Documents Your Adult Child Should Sign Before Leaving for College
Strange as it might seem, once your child turns eighteen, he or she is considered an adult and as an adult is afforded the same rights to privacy as you! That’s fine under most circumstances, but what if your child falls ill or is injured while away at school? Or even if close by but unable to authorize physicians to discuss his or her condition with you?
If your child becomes ill or injured, important medical and financial decisions will have to be made. Unless you and your child have prepared for this possibility, you may not be able to help.
Luckily, there are legal documents that will allow you to make these important decisions for your child should it become necessary:
- HIPAA Authorization Form
- Advanced Directive for Health
- Living Will
- Proxy Directive
- Durable Power of Attorney
HIPPA stands for the Health Insurance Portability and Accountability Act. This act provides that health care providers and insurance companies cannot disclose information about patients and that violators are subject to fines and even jail time. For that reason, parents of adult children who become ill or incapacitated cannot get information regarding their child’s condition nor can they make decisions regarding treatment unless the HIPAA release has been signed.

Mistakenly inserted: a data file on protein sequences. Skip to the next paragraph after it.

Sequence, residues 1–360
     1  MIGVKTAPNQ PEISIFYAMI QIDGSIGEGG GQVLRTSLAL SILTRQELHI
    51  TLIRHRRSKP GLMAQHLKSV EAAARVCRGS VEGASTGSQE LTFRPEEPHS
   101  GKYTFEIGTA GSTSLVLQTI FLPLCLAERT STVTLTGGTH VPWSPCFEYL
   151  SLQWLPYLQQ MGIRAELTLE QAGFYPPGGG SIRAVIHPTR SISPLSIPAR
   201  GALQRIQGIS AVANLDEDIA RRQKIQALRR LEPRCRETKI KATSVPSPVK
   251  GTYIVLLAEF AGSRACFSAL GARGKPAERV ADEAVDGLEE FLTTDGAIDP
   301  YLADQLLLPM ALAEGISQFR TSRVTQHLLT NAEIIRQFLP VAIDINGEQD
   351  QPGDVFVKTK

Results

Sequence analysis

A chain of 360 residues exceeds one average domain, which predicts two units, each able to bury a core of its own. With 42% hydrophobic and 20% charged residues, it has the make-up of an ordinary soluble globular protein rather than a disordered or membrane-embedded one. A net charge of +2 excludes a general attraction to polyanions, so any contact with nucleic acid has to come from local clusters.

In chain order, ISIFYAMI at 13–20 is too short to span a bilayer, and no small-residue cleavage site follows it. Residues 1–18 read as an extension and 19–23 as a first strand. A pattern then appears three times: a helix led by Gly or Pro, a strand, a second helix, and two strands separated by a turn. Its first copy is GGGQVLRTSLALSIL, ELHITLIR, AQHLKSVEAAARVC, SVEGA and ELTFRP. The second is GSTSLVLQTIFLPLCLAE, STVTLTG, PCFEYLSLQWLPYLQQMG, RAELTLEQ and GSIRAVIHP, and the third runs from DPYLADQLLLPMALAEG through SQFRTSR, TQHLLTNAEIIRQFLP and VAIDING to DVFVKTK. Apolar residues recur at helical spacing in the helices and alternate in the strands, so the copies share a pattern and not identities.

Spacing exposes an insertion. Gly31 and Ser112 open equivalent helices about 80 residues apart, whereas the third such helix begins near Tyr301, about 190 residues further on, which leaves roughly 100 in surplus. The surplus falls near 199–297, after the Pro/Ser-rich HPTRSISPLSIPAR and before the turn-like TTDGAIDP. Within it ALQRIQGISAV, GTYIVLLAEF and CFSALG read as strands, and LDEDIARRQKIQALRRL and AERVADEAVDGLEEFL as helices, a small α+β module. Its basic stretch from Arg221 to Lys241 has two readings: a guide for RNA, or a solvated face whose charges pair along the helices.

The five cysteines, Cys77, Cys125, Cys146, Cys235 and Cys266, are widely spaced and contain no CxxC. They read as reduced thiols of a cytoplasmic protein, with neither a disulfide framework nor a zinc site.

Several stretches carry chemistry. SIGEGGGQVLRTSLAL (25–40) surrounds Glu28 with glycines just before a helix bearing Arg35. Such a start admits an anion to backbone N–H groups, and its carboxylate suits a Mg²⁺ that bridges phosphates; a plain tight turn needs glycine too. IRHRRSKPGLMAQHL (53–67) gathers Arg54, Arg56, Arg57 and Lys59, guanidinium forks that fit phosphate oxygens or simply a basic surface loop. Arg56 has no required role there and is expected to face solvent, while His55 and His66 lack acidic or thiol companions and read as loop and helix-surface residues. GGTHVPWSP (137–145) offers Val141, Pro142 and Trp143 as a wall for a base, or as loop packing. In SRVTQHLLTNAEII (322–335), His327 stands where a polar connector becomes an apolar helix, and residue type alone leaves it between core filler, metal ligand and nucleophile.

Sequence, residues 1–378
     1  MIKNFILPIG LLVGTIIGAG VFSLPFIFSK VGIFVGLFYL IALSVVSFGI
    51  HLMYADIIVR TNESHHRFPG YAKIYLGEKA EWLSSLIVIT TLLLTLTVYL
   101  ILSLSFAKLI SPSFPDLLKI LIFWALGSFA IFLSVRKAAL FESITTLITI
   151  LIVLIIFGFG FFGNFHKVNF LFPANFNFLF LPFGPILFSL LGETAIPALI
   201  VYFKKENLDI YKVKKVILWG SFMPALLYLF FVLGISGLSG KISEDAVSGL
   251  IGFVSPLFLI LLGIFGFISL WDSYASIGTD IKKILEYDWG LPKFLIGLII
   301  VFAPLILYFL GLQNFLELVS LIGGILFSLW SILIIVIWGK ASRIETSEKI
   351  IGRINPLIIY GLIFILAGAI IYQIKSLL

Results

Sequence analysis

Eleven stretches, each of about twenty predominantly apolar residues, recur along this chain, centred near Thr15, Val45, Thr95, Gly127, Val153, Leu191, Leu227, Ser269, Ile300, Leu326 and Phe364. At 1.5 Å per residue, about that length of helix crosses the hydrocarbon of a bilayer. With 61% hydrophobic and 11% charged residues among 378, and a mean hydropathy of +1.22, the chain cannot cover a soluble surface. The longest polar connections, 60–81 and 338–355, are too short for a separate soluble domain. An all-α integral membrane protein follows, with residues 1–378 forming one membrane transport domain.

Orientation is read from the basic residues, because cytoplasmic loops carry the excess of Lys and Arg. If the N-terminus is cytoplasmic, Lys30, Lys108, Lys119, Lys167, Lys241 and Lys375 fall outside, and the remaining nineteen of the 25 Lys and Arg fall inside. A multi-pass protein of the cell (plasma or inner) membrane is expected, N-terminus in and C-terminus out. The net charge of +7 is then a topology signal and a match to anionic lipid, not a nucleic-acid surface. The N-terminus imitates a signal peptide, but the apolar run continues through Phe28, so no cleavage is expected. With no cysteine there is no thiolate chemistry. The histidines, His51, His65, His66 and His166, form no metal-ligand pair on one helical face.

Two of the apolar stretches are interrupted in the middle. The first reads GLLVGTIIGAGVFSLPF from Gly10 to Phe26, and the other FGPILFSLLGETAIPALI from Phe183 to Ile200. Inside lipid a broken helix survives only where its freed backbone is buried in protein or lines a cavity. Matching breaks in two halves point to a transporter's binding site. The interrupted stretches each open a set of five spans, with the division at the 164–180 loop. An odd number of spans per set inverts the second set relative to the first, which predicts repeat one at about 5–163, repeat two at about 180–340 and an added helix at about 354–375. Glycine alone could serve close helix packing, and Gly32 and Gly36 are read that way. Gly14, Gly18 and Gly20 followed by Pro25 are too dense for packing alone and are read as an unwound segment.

The HIPAA release permits physicians to discuss diagnoses and treatment options with the authorized person even if the patient is not incapacitated. It is important to sign this even if you have a Proxy Directive because the Proxy Directive only goes into effect if the patient is incapacitated.
Advanced Directive for Health Care
This directive actually comprises two documents:
- Instructive Directive, commonly known as a living will
- Proxy Directive, commonly known as a power of attorney
These documents must be notarized or signed in front of two adult witness.
Called an Instructive Directive in New Jersey but more commonly known as a living will, this document allows a person 18 years of age and older to name the conditions under which he or she would or would not want to receive certain medical procedures.
The Proxy Directive is a durable power of attorney for health care. Your adult child can use this document to designate you as his or her health care representative. You would then be authorized to make health care decisions for your child if he or she becomes unable to make them. As stated previously, this differs from the HIPAA release in that the HIPAA release does not require that the patient be incapacitated.
New Jersey General Durable Power of Attorney
By giving you the General Durable Power of Attorney, your child can authorize you to make financial decisions on his or her behalf. This is important to have even if your child remains perfectly healthy.
Here are some examples of the functions that you may be able to carry out with a Durable Power of Attorney:
- Pay bills;
- Open and close accounts;
- Move money from one account to another;
- Sell or otherwise dispose of real or personal property; and
- Make other financial decisions.
The powers granted by this document can be broad based or they can be limited; in other words, your child can decide which powers will and will not be granted. You and your child should discuss this before signing. You might also want to have the advice of an attorney. This form must be notarized.
It is important to note that the Durable Power of Attorney does not authorize the representative to make medical decisions.
Going away to college is an exciting time. Having these documents in place will give your child the added security of knowing that you will be able to look after his or her best interests